Carbon capture and storage (CCS) is the process of capturing waste carbon dioxide from industrial facilities or power plants, transporting it to a storage site, and depositing it where it will not re-enter the atmosphere. In this process, carbon is removed, usually as carbon dioxide (CO2), either prior to combustion of the fuel or after combustion in the exhaust stack. Capture technologies allow the separation of carbon dioxide from gases produced in industrial processes and electric generation by one of three methods: pre-combustion capture, post-combustion capture, and oxyfuel combustion.
The CO2 is then transported via pipeline or other means to a location where it can be stored. CO2 might be stored in deep underground geological formations or in the ocean, or by transforming it into mineral carbonates. Current research is primarily focused on geological formations including depleted oil and gas fields or deep saline aquifer formations. While most commonly envisioned as a means for reducing carbon emissions due to the combustion of fossil fuels, CCS can also be applied to biomass combustion resulting in carbon negative generation of electricity (meaning that net carbon emissions are negative).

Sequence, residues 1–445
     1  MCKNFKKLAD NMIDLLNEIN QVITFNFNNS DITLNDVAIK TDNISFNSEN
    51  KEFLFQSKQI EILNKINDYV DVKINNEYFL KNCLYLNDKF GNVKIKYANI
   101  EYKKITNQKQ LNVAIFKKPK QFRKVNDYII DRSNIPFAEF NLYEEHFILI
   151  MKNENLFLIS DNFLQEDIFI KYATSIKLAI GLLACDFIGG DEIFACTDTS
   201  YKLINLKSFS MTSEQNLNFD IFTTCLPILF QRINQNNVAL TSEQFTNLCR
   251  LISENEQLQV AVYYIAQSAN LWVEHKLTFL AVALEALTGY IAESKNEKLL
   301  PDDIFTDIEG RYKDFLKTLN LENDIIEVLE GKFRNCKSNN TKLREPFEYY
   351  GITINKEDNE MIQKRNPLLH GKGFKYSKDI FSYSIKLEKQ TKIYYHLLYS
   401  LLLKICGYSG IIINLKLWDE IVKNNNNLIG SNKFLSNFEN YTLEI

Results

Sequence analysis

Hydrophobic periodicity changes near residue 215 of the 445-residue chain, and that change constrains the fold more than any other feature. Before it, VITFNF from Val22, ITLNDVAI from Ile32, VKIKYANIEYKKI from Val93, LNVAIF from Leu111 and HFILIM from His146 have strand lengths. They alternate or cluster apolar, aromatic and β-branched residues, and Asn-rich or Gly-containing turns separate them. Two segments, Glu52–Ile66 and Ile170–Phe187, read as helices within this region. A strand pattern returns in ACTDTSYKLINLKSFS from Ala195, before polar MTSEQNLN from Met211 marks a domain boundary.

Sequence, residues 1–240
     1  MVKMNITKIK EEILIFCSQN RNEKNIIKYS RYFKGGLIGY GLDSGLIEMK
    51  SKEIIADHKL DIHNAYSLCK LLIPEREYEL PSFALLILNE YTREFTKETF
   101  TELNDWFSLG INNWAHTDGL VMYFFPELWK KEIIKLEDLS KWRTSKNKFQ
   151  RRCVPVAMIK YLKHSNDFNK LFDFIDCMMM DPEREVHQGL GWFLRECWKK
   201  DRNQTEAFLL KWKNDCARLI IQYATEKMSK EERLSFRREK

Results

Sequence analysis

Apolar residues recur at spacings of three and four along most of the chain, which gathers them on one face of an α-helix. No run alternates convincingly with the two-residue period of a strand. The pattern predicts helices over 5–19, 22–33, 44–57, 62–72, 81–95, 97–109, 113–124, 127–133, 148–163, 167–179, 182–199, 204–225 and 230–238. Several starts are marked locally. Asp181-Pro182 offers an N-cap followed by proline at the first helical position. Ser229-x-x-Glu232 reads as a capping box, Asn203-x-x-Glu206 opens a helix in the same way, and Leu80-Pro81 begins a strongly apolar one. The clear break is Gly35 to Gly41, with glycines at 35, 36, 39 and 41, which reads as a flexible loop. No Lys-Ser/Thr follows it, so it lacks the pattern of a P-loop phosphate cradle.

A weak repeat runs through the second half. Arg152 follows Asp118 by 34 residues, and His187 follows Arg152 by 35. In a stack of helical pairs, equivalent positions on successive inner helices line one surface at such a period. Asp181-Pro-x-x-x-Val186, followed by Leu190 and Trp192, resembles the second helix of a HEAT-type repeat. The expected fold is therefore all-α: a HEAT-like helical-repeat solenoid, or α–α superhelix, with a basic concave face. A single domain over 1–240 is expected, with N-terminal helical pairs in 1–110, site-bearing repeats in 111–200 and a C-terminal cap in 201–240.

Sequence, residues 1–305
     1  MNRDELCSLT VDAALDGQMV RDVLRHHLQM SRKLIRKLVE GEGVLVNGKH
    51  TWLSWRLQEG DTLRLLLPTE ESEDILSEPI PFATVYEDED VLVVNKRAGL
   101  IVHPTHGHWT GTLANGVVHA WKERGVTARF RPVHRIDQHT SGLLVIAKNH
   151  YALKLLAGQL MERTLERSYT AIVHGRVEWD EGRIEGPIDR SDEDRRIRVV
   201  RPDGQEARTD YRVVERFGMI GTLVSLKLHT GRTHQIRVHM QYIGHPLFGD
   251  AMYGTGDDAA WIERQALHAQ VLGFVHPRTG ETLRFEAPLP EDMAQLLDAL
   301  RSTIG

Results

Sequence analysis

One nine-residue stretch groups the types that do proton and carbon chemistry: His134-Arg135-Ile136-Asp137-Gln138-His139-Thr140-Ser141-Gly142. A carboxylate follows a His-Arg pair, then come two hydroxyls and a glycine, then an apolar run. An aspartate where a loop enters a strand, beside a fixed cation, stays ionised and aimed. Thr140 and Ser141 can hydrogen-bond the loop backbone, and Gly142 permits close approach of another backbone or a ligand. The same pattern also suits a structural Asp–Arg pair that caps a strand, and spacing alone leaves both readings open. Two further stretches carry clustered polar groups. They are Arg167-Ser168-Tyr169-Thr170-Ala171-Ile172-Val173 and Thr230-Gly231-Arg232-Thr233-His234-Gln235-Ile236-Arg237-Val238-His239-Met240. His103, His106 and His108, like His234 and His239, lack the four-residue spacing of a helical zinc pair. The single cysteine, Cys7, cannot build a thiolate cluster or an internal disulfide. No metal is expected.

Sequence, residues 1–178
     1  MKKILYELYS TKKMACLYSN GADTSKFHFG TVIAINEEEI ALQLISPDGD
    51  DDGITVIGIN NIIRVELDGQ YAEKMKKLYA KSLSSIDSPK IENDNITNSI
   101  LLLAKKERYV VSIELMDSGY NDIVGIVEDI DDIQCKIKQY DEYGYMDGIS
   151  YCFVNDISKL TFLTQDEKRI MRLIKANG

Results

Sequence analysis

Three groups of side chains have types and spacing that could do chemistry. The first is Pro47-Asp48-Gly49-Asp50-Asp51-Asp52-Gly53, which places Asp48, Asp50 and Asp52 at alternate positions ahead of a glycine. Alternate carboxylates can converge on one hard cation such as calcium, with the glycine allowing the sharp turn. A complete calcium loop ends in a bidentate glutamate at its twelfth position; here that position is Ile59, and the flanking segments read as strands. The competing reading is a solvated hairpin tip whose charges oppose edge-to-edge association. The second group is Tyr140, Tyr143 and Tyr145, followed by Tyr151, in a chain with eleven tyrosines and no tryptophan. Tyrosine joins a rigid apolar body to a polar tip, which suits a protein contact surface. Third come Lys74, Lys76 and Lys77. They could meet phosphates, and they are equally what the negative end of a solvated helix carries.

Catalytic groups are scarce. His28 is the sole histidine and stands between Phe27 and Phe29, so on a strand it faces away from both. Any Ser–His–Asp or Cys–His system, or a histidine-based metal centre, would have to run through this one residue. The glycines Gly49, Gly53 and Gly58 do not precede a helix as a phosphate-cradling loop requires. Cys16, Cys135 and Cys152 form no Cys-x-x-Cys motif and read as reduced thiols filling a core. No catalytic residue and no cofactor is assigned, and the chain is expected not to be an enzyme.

While carbon capture and sequestration has been proven to work, it is not yet widely applied on a commercial scale. Most current applications capture CO2 for use in enhanced oil or gas recovery. This process pumps the CO2 into oil or gas wells to help stimulate production. A few pilot storage projects have been developed as of 2020. Costs of adding and operating technology for carbon capture and sequestration are high, as would be expected for a new technology. Whether costs will come down with research and development is uncertain. However, this concept may provide a useful tool in the battle to reduce greenhouse emissions from fossil fuel generation.